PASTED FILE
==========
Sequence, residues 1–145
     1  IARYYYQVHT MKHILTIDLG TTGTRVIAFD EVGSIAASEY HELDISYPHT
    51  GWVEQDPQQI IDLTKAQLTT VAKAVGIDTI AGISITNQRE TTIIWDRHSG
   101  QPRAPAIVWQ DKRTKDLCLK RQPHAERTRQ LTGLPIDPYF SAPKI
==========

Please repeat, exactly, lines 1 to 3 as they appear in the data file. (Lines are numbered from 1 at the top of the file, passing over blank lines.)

Sequence, residues 1–145
     1  IARYYYQVHT MKHILTIDLG TTGTRVIAFD EVGSIAASEY HELDISYPHT
    51  GWVEQDPQQI IDLTKAQLTT VAKAVGIDTI AGISITNQRE TTIIWDRHSG